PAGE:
I have always had doubts about the HS2 scheme.
The amount of passenger time that will be saved by the project is not that great, the economic benefits are uncertain, and I feel that the money would be much better spent on improving the rail network as a whole. I also sympathise with those who have homes near to the route and who will be affected by the unacceptable level of noise and disruption.
It has also become clear that the construction of the high speed line will do irrevocable damage to wildlife too. According to the Wildlife Trust (of which our own Suffolk Wildlife Trust is a part):-
‘Four Wildlife Trust reserves, 10 Sites of Special Scientific Interest (SSSIs), more than 50 ancient woodlands and numerous local wildlife sites lie in the route of the proposed High Speed Rail HS2 route.
It will fragment populations of butterflies, bats and birds, and compromise the natural movements of large mammals such as badgers that cannot cross the concrete and steel barrier of railway infrastructure.
This comes at a time when the Making Space for Nature report called for integrated, connected landscapes to link up and extend habitats for rare and endangered species. The very last thing we should be doing is creating new linear barriers to the movement of wildlife.’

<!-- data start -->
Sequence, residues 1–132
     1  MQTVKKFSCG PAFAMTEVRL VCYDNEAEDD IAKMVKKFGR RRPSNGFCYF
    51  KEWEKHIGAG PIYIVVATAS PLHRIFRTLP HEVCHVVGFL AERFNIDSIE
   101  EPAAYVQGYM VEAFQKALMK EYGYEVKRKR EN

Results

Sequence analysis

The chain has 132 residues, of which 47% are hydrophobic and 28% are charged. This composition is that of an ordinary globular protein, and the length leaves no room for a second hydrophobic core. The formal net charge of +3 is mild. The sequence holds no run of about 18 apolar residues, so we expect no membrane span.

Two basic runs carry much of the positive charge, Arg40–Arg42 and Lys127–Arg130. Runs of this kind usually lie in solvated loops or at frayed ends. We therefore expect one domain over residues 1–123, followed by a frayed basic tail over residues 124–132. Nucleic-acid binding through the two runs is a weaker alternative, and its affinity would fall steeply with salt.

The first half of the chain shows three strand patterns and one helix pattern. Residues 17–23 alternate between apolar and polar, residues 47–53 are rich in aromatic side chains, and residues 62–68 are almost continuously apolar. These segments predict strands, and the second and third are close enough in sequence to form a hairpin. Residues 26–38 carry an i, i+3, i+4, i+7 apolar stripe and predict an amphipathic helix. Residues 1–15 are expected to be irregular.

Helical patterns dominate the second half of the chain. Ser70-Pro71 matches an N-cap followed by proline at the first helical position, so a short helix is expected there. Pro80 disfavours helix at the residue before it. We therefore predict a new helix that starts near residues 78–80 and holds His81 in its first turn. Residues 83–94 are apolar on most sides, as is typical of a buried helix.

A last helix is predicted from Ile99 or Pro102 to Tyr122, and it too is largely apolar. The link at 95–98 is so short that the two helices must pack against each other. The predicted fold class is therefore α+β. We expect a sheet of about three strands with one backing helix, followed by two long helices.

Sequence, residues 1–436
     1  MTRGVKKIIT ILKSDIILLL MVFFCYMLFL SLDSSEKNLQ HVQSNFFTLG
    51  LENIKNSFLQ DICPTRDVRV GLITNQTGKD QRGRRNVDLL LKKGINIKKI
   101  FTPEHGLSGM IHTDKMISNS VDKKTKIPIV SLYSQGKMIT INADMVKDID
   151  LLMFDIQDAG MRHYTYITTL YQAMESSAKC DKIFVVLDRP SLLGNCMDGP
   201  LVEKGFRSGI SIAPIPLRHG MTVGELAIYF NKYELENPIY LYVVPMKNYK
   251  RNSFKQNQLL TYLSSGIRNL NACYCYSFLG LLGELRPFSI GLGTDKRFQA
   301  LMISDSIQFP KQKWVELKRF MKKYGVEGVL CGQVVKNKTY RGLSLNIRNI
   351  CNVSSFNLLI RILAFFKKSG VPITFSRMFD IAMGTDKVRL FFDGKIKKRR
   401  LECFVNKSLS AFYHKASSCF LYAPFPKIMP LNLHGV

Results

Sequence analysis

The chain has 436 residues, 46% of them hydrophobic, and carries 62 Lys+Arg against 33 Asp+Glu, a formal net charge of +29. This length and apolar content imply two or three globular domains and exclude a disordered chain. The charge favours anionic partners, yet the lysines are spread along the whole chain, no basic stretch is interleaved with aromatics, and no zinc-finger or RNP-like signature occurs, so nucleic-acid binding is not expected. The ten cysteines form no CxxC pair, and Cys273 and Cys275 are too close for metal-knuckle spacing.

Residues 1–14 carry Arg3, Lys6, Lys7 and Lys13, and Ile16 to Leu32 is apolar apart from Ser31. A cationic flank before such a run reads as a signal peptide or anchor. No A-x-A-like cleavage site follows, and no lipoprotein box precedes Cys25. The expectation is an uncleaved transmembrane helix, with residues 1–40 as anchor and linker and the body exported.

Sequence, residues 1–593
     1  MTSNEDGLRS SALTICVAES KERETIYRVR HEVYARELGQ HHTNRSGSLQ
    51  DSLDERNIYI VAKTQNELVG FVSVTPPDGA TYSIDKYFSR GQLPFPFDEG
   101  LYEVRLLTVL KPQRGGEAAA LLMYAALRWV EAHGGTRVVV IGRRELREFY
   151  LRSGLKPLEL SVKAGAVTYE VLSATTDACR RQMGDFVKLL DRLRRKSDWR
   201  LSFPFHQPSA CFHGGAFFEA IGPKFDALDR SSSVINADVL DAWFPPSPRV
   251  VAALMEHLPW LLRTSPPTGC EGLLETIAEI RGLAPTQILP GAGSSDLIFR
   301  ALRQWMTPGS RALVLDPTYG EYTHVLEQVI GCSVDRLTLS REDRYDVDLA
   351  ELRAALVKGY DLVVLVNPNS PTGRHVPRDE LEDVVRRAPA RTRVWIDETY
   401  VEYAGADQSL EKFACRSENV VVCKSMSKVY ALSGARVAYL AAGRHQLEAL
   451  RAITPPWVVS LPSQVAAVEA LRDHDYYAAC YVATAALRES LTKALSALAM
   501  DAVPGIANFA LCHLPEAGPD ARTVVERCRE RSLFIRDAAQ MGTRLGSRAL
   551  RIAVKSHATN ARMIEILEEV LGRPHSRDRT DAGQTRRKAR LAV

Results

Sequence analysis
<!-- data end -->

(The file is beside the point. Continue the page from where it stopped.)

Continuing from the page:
Concerned about the destruction of ancient woodlands, the Woodland Trust, a separate body, is also actively campaigning against the project. They have pointed out the very high noise levels that will be generated by the railway, which will not just be damaging to wildlife but to human beings too!
What is becoming clear is that in their misplaced, and somewhat mystifying, enthusiasm to build this white elephant the Government is failing to mandate a sufficiently detailed environmental assessment (a familiar story that we are increasingly hearing with regard to other developments closer to home).
The Woodland Trust has launched a campaign to press for a proper environmental assessment to be carried out. If you wish to participate in this click on this link.